Filling the Well


The last two weeks were difficult for me and for those I love. Two deaths to commemorate. And another loss for someone I love. My soul felt clogged up by the mud of grief. I needed a reprieve, a solace, a nourishing…


So I went to an art exhibit that has currently been showing in Auckland.

The Body Laid Bare| Masterpieces from Tate [On view March 18 through July 16, 2017]

Encounter the human form—in all its complexity—in “The Body Laid Bare: Masterpieces from Tate,” Auckland Art Gallery’s major exhibition for 2017. Beautiful, sensual and at times provocative, more than 100 artworks from Tate, London, tell the story of the nude and trace artists’s captivation with the human body over the last two centuries. Journeying through time, from the classical, biblical and literary subjects of the 1800s to the body politics of contemporary art, “The Body Laid Bare” brings together masterpieces by renowned artists including JMW Turner, Auguste Rodin, Pierre Bonnard, Pablo Picasso, Henri Matisse, Louise Bourgeois, Cindy Sherman, Sarah Lucas and many more. At the heart of the show is Auguste Rodin’s marble sculpture The Kiss which—although celebrated worldwide—is travelling beyond Europe for the first time. Other renowned works include Picasso’s Nude woman in a red chair (1932) and Bonnard’s The bath (1925).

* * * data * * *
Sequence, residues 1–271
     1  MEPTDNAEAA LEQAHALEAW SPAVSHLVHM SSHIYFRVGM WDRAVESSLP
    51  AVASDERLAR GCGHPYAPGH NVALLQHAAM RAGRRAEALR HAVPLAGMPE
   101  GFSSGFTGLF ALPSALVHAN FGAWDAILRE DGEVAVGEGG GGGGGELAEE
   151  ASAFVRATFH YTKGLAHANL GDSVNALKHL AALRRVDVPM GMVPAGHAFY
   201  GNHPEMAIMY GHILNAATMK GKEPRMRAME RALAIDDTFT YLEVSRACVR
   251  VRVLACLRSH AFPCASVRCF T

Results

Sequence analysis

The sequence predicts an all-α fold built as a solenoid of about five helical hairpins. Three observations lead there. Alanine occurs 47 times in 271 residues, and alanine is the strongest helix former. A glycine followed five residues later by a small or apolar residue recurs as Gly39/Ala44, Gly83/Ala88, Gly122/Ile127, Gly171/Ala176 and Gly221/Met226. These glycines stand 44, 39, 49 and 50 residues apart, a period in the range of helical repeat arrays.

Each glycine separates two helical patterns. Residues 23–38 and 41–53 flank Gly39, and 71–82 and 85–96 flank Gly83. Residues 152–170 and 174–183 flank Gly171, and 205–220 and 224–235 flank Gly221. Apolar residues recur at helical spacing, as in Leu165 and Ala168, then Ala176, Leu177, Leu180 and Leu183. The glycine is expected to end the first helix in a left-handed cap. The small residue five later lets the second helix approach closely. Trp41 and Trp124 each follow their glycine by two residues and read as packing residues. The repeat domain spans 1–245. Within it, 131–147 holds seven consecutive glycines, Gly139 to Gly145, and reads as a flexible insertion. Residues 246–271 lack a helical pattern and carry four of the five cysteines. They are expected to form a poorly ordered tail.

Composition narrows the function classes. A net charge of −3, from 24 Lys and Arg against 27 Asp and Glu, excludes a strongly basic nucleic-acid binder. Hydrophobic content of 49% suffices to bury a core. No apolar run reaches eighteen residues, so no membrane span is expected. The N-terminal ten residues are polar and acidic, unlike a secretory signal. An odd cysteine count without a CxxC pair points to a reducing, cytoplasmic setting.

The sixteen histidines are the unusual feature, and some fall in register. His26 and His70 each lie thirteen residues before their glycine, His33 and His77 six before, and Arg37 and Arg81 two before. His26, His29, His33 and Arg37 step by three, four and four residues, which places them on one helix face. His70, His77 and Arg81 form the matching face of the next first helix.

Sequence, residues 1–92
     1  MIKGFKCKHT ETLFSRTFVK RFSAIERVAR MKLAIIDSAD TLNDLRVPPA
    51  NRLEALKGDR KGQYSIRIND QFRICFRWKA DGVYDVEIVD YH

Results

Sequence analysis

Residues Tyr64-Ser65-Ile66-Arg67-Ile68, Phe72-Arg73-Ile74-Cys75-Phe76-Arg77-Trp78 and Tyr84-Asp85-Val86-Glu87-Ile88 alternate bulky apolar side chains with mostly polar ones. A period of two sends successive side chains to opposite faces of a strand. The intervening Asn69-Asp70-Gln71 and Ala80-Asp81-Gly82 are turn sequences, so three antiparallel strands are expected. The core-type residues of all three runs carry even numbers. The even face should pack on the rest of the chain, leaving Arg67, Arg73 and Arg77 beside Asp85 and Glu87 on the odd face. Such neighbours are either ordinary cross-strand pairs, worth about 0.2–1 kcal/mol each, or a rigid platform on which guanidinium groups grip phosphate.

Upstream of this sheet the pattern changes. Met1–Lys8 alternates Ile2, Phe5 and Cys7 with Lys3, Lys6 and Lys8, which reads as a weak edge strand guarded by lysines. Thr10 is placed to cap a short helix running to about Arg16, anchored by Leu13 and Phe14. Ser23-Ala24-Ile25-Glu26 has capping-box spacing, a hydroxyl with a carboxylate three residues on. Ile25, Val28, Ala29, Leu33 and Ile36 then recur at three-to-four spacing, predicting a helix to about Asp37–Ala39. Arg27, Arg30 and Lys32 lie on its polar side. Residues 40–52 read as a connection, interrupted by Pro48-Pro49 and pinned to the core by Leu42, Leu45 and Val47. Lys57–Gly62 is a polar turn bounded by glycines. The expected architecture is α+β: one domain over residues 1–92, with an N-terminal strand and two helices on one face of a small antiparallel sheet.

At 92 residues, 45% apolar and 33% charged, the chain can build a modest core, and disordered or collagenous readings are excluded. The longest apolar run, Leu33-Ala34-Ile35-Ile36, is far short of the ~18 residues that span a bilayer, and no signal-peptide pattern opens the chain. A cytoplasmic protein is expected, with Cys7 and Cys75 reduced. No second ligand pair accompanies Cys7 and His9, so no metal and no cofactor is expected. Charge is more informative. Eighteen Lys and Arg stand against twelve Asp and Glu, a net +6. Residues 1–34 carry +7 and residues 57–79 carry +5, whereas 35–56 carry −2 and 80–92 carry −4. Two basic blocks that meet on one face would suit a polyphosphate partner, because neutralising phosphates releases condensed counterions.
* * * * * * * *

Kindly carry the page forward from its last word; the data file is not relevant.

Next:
This was both an exquisite and confronting exhibit. There were pieces that were raw and erotic, pieces that were heart-breakingly beautiful, pieces that were confronting and pieces that simply awed me. But each piece had its own place in this one of a kind exhibit. I went for Rodin’s “The Kiss” but I was transported on a visual journey that filled the hollow parts of me. The exhibit was everything and nothing that I anticipated.

So let me share with you the three pieces that absolutely entranced me and for a moment filled the dark hollow spaces with a hopeful light.

The Kiss | Auguste Rodin (1901-4)

The Kiss is awe-inspiring, simply exquisite. I have seen many images of this sculpture but the privilege of seeing this in its stone flesh is breath-taking. Truly a memory that I will treasure.

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The Lament For Icarus
The Lament For Icarus | Herbert James Draper [1898]

The Lament For Icarus | Herbert James Draper [1898]

Words failed me at this exquisite piece of work. I had not heard of Herbert James Draper prior to this exhibit. But this is one of those pieces of art that touched my soul. The image here does not do the true work justice. Suffice to say, this is a piece that will inspire me for the rest of my life. 

Arched Figure | Louise Bourgeois [1993 (cast 2010)]

Louise Bourgeois’s Arched Figure is both confronting and exquisite. What stood out to me though was that the sculptor was 82 when she sculpted this truly magnificent Figure. I was awed to imagine her rough-hewned, wrinkled, strong hands manipulating the clay into muscles, ribs and limbs, finally giving life to this Arched Figure; perhaps raging against the age of her years but yet still revelling in her ability and her art.

Louise Bourgeois photographed by James Hamilton, in 1992, with her piece Arch of Hysteria.

Tell me where you go, what you do for light in darker times?

Tell me how do you fill the well?

 

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